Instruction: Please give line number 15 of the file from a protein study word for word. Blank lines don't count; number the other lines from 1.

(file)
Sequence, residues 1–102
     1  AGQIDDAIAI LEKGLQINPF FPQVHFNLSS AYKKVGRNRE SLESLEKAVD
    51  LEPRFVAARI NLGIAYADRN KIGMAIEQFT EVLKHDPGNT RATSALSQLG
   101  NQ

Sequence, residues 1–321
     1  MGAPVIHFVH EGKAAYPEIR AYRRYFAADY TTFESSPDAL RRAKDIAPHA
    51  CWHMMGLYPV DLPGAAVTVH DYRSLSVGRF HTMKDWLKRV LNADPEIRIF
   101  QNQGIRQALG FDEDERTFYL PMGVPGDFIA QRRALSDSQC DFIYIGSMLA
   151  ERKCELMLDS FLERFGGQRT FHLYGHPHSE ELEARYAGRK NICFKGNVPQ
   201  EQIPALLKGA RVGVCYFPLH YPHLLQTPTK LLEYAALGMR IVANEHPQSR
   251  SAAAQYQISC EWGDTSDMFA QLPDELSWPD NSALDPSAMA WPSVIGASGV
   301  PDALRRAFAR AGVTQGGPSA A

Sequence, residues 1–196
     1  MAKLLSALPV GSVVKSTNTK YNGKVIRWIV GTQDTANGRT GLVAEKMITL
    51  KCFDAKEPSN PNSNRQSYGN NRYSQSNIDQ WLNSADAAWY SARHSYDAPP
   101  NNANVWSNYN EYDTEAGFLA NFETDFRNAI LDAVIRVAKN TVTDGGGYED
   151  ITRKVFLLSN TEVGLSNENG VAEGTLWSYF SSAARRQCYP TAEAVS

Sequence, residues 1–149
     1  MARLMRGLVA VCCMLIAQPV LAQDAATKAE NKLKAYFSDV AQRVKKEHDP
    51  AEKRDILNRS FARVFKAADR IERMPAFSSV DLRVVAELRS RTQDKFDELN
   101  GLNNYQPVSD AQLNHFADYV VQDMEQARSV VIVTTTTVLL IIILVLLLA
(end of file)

    51  KCFDAKEPSN PNSNRQSYGN NRYSQSNIDQ WLNSADAAWY SARHSYDAPP